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date: 26 June 2022

Drowning: Global Burden, Risk Factors, and Prevention Strategieslocked

Drowning: Global Burden, Risk Factors, and Prevention Strategieslocked

  • Aminur Rahman, Aminur RahmanInternational Drowning Research Centre, Centre for Injury Prevention and Research, Bangladesh
  • Amy E. Peden, Amy E. PedenRoyal Life Saving Society Australia
  • Lamisa Ashraf, Lamisa AshrafBloomberg School of Public Health, Johns Hopkins University
  • Daniel Ryan, Daniel RyanRoyal Lifesaving Society Commonwealth
  • Al-Amin BhuiyanAl-Amin BhuiyanCentre for Injury Prevention and Research, Bangladesh
  •  and Stephen BeermanStephen BeermanFaculty of Medicine, University of British Columbia

Summary

Drowning has been described as a major global public health problem and has recently been acknowledged by a United Nations Declaration on Global Drowning Prevention. While drowning impacts countries of all income levels, the burden is overwhelmingly borne by low- and middle-income countries (LMICs) who account for 90% of the global death toll. In addition, there is scarce data collection on drowning in LMICs, so the magnitude of drowning may be far greater than is represented. A range of factors including sex, age, education, income, access to water, a lack of swimming skills, certain occupations like commercial fishing, geographically isolated and flood-prone locations, preexisting medical conditions, and unsafe water transport systems, influence the risk of drowning. Some behavioral factors, such as alcohol or drug consumption, not wearing life jackets, and engaging in risky behaviors such as swimming or boating alone, increase drowning risk. Geopolitical factors such as migration and armed conflict can also impact drowning risk. There is a growing body of evidence on drowning prevention strategies. These include pre-event interventions such as pool fencing, enhancing community education and awareness, providing swimming lessons, use of lifejackets, close supervision of children by adults, and boating regulations. Interventions to reduce harm from drowning include appropriate training for recognition of a drowning event, rescue, and resuscitation. An active and/or passive surveillance system for drowning, focusing on individual settings and targeting populations at risk, is required.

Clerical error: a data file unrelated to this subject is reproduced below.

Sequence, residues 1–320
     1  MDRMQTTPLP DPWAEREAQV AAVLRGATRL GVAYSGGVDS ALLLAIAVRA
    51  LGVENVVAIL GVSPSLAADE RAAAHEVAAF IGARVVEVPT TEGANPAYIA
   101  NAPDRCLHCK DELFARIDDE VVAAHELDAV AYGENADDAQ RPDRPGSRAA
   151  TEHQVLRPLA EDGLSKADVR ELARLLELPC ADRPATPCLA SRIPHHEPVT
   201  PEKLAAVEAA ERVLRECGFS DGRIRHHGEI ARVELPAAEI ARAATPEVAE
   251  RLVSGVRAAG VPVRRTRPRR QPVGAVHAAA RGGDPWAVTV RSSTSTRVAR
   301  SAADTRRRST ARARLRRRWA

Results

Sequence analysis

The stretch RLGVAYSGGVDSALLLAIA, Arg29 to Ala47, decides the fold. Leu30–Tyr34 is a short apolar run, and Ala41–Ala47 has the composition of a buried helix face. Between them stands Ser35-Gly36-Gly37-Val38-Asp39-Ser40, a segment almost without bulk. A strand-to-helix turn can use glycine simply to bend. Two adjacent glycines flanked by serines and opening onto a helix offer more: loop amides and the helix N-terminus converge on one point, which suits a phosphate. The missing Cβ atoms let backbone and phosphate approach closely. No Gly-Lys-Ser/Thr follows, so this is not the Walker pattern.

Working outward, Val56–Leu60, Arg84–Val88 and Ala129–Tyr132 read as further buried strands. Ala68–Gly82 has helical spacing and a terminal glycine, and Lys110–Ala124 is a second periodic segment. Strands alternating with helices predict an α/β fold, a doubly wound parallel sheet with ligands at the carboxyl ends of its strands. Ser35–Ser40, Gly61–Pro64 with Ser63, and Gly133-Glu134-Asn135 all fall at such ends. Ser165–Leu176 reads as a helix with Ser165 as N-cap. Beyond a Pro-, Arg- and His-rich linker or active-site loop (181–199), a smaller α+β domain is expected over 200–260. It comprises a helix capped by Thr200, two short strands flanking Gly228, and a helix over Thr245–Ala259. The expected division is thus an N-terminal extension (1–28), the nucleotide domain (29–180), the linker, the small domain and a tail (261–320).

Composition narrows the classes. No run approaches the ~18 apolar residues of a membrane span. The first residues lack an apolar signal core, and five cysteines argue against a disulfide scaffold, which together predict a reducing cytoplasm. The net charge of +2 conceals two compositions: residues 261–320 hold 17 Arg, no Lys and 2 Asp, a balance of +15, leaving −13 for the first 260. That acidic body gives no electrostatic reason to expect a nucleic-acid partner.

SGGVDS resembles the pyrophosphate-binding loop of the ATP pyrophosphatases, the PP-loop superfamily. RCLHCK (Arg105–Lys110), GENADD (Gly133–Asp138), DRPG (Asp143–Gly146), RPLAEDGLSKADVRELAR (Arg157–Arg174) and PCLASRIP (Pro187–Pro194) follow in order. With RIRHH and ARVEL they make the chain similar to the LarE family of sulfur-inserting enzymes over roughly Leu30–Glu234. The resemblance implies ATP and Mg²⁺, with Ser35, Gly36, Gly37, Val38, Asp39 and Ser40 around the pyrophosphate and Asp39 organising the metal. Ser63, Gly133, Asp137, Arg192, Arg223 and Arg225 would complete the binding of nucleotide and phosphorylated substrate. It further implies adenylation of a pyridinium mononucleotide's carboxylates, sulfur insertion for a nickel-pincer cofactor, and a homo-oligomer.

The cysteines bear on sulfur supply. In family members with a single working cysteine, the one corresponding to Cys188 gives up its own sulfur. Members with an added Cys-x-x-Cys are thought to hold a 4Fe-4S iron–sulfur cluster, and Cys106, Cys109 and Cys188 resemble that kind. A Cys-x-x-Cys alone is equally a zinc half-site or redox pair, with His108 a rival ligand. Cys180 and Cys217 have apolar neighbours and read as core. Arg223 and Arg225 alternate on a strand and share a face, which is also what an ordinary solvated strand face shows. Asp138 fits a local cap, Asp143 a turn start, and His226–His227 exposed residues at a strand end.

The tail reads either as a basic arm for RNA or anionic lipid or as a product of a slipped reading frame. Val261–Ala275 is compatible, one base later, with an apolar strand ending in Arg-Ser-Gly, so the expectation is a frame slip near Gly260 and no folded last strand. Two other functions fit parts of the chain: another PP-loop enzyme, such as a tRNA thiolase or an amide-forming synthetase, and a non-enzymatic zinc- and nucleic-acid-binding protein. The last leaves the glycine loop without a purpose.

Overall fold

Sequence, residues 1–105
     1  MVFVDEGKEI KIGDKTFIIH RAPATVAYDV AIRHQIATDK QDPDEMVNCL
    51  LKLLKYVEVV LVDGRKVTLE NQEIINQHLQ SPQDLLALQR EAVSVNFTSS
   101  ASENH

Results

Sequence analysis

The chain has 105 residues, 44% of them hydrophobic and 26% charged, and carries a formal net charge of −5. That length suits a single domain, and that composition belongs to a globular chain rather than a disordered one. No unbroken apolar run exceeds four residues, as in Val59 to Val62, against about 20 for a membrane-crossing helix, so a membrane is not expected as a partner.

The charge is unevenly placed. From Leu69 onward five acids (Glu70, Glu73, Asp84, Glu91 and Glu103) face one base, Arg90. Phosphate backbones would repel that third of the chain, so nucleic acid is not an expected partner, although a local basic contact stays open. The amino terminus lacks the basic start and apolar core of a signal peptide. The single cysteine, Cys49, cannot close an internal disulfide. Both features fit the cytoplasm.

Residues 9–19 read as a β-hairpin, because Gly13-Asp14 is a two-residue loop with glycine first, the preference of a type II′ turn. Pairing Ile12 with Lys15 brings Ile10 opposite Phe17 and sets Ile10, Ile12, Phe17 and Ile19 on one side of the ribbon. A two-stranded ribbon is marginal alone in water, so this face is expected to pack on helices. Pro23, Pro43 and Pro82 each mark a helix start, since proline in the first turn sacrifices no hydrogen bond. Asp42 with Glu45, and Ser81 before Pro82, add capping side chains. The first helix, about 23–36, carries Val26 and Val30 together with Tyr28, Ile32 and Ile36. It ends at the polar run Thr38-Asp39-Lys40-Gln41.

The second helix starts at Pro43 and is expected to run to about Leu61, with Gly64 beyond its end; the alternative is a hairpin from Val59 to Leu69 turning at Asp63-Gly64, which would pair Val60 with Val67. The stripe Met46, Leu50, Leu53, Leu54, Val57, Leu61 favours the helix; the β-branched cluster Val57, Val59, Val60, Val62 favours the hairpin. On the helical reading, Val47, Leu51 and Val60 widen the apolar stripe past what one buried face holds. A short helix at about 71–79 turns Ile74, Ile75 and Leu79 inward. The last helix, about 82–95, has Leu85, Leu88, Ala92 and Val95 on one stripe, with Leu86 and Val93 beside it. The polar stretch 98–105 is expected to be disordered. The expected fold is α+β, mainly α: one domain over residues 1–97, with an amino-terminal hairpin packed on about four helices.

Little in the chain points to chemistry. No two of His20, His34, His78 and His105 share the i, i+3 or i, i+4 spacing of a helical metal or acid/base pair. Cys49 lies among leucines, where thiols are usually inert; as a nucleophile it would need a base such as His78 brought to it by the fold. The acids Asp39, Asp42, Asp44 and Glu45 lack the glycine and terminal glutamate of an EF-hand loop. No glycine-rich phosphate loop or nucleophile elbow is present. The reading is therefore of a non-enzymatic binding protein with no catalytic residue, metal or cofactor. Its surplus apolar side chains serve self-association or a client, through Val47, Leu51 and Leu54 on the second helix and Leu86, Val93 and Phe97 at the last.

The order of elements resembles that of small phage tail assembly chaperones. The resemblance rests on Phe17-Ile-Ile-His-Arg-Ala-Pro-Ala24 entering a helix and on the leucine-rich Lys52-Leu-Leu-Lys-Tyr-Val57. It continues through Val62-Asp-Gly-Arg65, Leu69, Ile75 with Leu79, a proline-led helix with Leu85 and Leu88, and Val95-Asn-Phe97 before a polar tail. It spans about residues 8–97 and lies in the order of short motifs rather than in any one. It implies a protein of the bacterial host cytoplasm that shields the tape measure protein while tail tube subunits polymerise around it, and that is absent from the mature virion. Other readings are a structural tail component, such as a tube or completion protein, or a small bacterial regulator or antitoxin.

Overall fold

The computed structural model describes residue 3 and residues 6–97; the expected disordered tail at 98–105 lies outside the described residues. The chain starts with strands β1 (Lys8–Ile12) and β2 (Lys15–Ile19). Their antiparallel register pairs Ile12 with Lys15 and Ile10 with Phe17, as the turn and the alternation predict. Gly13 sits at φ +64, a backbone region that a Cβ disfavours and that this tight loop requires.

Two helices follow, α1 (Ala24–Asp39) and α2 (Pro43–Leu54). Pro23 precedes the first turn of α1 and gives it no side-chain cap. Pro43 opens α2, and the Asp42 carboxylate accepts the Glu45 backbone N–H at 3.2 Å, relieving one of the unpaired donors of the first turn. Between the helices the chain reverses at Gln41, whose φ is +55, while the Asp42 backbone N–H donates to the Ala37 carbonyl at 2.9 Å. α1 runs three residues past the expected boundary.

Drowning requires coordinated multisectoral action to provide effective prevention, rescue, and treatment. Therefore, all countries should aim to develop a national water safety plan, as recommended in the WHO Global Report on Drowning. Further research is required on the epidemiology and treatment of drowning in LMICs as well as non-fatal and intentional drowning in both high-income countries (HICs) and LMICs. Effective and context-specific implementation of drowning prevention strategies, including pilot testing, scale up and evaluation, are likely to help reduce the burden of both fatal and non-fatal drowning in all countries.

Subjects

  • Epidemiology
  • Global Health
  • Non-communicable Diseases

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